At 1/10th the size of a conventional pacemaker, or roughly the size of a large vitamin, Micra is designed to be implanted via catheter in the right ventricle to deliver single-chamber pacing. The device has an estimated 12-year battery life and is approved for full-body MRI scans. The FDA approved Micra in April 2016.
Medtronic said the approval from Japan’s Pharmaceuticals & Medical Device Agency was based on its single-arm, 744-patient Micra TPS study at 56 centers in 19 countries including Japan.
“Medtronic is excited to be the first to offer a miniaturized, leadless pacemaker to patients in Japan,” cardiac rhythm & heart failure president Dr. John Liddicoat said in prepared remarks. “We look forward to working with Japan’s Ministry of Health, Labor & Welfare to gain reimbursement for Micra so patients can gain access to this innovative technology as quickly as possible.”
“The development of a leadless pacemaker which can be implanted with a less invasive procedure has been eagerly awaited by physicians and patients in Japan,” added Dr. Kyoko Soejima of Kyorin University. “The safety and efficacy of the Micra TPS has been confirmed in my hospital as well as in other hospitals across the world that took part in the Micra TPS global clinical trial.”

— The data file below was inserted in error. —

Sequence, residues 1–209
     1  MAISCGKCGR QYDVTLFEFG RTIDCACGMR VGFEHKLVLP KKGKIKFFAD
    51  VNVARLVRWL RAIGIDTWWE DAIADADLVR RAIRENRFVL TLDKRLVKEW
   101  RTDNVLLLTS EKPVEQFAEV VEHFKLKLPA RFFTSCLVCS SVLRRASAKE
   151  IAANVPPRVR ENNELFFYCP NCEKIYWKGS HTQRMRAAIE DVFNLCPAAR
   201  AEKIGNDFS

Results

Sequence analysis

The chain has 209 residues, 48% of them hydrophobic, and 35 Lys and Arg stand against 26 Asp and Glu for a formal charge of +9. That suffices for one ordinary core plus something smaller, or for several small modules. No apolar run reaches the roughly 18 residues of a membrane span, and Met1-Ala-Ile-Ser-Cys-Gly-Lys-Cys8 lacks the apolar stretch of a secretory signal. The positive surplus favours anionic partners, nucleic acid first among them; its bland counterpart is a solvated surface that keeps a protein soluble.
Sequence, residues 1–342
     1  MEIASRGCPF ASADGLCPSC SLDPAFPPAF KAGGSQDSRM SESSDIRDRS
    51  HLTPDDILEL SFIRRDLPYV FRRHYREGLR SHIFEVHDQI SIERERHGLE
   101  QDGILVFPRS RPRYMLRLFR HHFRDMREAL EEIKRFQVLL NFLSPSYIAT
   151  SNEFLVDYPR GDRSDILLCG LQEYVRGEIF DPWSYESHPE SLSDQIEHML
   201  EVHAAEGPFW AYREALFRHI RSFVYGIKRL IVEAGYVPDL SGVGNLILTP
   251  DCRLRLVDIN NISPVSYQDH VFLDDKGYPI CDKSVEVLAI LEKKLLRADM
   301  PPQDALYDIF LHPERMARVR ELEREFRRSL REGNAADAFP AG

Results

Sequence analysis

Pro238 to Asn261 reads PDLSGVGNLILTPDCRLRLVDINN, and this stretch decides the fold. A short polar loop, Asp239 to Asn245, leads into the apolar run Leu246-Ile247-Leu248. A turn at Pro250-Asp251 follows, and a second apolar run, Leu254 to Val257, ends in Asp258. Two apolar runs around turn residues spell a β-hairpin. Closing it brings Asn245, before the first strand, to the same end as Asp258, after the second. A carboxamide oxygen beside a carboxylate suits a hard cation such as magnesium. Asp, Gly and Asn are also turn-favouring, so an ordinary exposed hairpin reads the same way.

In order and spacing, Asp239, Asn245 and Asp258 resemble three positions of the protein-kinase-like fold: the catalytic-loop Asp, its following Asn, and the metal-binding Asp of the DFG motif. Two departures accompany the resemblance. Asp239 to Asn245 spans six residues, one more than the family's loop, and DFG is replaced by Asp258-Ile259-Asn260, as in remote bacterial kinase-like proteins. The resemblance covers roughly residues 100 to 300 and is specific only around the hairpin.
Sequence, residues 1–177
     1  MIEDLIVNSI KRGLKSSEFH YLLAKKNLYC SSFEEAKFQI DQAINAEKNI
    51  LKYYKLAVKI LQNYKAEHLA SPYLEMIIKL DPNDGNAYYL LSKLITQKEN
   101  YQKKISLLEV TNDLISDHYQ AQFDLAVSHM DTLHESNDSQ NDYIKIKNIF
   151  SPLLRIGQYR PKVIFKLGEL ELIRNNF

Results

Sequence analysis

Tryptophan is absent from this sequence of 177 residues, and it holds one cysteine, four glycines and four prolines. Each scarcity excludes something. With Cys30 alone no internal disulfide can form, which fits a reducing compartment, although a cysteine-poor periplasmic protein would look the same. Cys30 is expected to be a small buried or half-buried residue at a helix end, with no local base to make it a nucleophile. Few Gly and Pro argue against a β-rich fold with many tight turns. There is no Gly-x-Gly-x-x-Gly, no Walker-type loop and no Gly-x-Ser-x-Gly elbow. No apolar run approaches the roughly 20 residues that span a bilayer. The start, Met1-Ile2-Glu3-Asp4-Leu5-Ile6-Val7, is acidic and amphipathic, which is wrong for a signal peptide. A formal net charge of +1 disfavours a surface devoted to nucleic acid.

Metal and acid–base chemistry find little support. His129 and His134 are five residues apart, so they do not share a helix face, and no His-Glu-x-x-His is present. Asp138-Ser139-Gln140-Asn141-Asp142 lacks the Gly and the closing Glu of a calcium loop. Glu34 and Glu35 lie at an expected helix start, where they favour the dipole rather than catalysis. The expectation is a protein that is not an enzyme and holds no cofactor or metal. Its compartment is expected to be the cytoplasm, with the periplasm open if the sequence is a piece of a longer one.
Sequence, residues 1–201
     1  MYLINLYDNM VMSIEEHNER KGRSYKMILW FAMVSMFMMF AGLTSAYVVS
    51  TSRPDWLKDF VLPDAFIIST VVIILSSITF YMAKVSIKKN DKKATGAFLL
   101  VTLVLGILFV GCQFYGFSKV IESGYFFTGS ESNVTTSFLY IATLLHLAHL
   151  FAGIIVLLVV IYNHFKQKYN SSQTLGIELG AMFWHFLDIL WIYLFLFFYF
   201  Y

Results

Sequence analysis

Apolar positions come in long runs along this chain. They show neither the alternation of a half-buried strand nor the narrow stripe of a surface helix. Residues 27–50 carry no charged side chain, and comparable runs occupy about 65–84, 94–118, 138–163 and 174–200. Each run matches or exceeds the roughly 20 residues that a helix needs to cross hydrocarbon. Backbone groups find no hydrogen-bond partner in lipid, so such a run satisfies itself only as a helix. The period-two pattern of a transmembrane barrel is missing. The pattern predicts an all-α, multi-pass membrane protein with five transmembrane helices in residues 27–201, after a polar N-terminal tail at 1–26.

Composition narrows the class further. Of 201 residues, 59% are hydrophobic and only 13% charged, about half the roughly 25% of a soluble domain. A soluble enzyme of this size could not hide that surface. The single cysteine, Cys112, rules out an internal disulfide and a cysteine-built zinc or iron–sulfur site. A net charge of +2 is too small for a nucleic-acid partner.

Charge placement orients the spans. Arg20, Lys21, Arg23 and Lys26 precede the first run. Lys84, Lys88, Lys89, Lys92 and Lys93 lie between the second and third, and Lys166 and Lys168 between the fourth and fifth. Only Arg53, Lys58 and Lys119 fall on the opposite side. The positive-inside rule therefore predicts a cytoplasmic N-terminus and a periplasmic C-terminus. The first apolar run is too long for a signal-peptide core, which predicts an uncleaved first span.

Although it’s designed to be retrievable, Micra can be left in the body and permanently deactivated so a new device can be implanted if needed. Twelve-month data released at the annual meeting of the European Society of Cardiology in Rome last year showed a 96% freedom-from-complication rate and a 48% lower risk of major complications.
Last month the U.S. Centers for Medicare & Medicaid Services released a National Coverage Determination for leadless cardiac pacemakers, meaning Medicare and Medicaid patients will have access to coverage for Micra implantations.